During a deposition process, a process gas flows down channel 720, enters gas region 744 and exits through holes 612. Center portion 601 deflects any process gas having a flow path perpendicular to upper surface 602 coming straight from channel 720. Therefore, the obscured flow path reduces or eliminates a secondary plasma from forming between plasma baffle insert 500 and gas manifold assembly 800.

Expanding channel 722 has an inner diameter which increases from upper portion 721 to lower portion 723 (FIG. 7B). In one embodiment, the inner diameter of expanding channel 722 for a chamber adapted to process a 300 mm diameter substrate is within a range from about 0.5 cm to about 7 cm, preferably, from about 0.8 cm to about 4 cm, and more preferably, from about 1 cm to about 2.5 cm at upper portion 721 of expanding channel 722 and within a range from about 2 cm to about 15 cm, preferably, from about 3.5 cm to about 10 cm, and more preferably, from about 4 cm to about 7 cm at lower portion 723 of expanding channel 722. In general, the above dimension apply to an expanding channel adapted to provide a total gas flow rate within a range from about 100 sccm to about 10,000 sccm.

In other specific embodiments, the dimension of expanding channel 722 may be altered to accommodate a certain gas flow therethrough. In general, a larger gas flow will require a larger diameter for expanding channel 722. In one embodiment, expanding channel 722 may be shaped as a truncated cone (including shapes resembling a truncated cone). Whether a process gas is provided toward the walls of expanding channel 722 or directly downward towards substrate 8, the velocity of the gas flow decreases as the process gas travels through expanding channel 722 due to the expansion of the process gas. The reduction of the process gas velocity helps reduce the likelihood the gas flow will blow off reactants absorbed on the surface of substrate 8.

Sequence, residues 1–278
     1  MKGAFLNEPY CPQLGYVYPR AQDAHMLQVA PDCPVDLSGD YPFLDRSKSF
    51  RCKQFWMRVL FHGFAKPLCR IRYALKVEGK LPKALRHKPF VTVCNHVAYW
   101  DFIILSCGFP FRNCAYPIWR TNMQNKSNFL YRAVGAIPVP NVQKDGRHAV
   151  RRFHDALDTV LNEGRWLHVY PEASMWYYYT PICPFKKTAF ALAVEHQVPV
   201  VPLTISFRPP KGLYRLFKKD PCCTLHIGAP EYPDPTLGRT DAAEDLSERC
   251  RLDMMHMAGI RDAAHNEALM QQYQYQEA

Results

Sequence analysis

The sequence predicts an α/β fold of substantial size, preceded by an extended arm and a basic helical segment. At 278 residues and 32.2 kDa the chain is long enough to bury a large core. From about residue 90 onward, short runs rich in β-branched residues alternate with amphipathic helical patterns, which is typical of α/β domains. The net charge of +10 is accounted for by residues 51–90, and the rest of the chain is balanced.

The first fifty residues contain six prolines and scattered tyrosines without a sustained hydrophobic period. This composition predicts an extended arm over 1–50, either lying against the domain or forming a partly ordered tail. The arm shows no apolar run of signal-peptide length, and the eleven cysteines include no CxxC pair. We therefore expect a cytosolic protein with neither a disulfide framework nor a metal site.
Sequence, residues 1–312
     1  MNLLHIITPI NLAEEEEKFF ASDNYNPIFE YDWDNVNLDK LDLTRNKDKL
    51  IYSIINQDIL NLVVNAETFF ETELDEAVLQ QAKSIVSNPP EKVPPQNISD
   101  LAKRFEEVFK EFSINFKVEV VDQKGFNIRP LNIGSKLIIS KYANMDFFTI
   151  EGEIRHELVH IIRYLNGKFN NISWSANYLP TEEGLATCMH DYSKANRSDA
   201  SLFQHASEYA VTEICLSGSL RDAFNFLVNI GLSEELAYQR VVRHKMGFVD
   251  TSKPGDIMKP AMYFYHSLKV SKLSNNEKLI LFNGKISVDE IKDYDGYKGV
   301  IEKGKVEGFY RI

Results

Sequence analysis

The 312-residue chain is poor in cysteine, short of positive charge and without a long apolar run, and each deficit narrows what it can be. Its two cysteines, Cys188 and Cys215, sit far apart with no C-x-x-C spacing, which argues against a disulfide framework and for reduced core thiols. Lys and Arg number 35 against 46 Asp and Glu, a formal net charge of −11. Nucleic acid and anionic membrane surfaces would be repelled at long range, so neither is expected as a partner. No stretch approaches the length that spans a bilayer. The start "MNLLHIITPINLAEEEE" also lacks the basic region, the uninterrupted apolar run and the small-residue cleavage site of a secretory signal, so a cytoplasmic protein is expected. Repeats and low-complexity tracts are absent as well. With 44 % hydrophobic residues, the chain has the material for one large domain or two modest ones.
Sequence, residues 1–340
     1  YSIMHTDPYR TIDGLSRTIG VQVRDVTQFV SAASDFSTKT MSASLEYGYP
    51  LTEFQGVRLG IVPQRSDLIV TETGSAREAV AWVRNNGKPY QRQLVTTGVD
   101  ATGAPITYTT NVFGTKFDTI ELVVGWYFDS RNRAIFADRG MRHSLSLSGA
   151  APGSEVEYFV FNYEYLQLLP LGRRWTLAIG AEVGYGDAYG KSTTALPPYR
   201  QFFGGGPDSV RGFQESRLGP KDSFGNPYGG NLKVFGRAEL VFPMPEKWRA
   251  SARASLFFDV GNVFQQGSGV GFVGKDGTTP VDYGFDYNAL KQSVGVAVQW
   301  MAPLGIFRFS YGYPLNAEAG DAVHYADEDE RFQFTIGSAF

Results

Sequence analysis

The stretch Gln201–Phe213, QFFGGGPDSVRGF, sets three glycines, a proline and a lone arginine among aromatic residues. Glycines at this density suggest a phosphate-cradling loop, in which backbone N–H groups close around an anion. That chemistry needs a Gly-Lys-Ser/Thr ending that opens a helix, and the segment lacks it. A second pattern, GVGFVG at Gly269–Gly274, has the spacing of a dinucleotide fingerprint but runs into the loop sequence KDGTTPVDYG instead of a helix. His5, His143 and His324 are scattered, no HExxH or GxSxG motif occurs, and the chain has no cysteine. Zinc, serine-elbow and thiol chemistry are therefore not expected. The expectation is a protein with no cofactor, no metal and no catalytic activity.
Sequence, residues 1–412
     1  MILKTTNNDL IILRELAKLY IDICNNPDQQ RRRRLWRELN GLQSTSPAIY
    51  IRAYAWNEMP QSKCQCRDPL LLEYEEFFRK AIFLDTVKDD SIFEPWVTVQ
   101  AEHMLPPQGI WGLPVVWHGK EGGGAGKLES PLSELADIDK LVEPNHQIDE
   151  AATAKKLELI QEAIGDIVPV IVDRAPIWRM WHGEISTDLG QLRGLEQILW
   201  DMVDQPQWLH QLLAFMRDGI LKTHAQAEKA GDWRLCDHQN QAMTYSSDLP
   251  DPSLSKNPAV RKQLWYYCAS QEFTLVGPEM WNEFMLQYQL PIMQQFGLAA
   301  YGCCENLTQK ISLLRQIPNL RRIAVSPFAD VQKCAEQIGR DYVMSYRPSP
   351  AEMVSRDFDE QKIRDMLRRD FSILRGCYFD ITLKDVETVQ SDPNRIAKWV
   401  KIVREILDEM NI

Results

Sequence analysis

The diameter of expanding channel 722 gradually increases from upper portion 721 to lower portion 723. The gradual increase of the diameter may allow less of an adiabatic expansion of a process gas through expanding channel 722 which helps to control the process gas temperature. For instance, a sudden adiabatic expansion of a gas delivered through gas conduits 882 and 884 into channels 820 and 720 may result in a drop of the gas temperature which may cause condensation of a precursor vapor and formation of particles. On the other hand, a gradually expanding channel 722 according to some embodiments is believed to provide less of an adiabatic expansion of a process gas. Therefore, more heat may be transferred to or from the process gas, and, thus, the gas temperature may be more easily controlled by controlling the surrounding temperature (i.e., controlling the temperature by water box 400). Expanding channel 722 may comprise one or more tapered inner surfaces, such as a tapered straight surface, a concave surface, a convex surface, a combination thereof or may comprise sections of one or more tapered inner surfaces (i.e., a portion tapered and a portion non-tapered).

Gap 726 is also formed between insulation cap 700 and plasma screen insert 600. Gap 726 is formed since a portion of lower surface 703 c within groove 725 does not contact upper surfaces 604 and 606 and inner wall surface 605 a of ring assembly 631 contained on plasma screen insert 600. An o-ring may be positioned within gap 726 while placing insulation cap 700 onto plasma screen insert 600.

Gas manifold assembly 800 includes conduit assembly 840 and manifold cap assembly 850 containing gas conduit assembly 830 (FIGS. 8A-8B). Conduit assembly 840 contains gas conduits 836 and 838 within upper manifold 844 and lower manifold 842. Gas manifold assembly 800 may be attached to lid assembly 100 by a fastener (e.g., bolt or screw) placed through holes 843. In one embodiment, conduits 836 and 838, independently, are in fluid communication with conduit system 34 for providing precursor gases, purge gases, carrier gases and other process gases (FIG. 1F). In other embodiments, conduits 836 and 838, independently, may be in fluid communication with separate process gas supplies, including a precursor gas supply, a purge gas supply or a carrier gas supply. Gas conduit assembly 830 contains flanges 832 and 834 on opposite sides of conduit 831. Flange 834 is coupled to port 117 on lid support 103 to provide fluid communication from port 117 to conduit 831. Also, flange 832 is coupled to gas inlet 815 on manifold block 806 to provide fluid communication from conduit 831 to conduit 884. Isolators 808 are disposed on manifold block 806 and provide further thermal and electric insulation for the ground manifold. Isolator 808 may be formed from insulating material, such as a ceramic material, a quartz material or a derivative thereof. Preferably, isolator 808 is formed from an insulating polymer, polytetrafluoroethylene (PTFE), such as TEFLON®.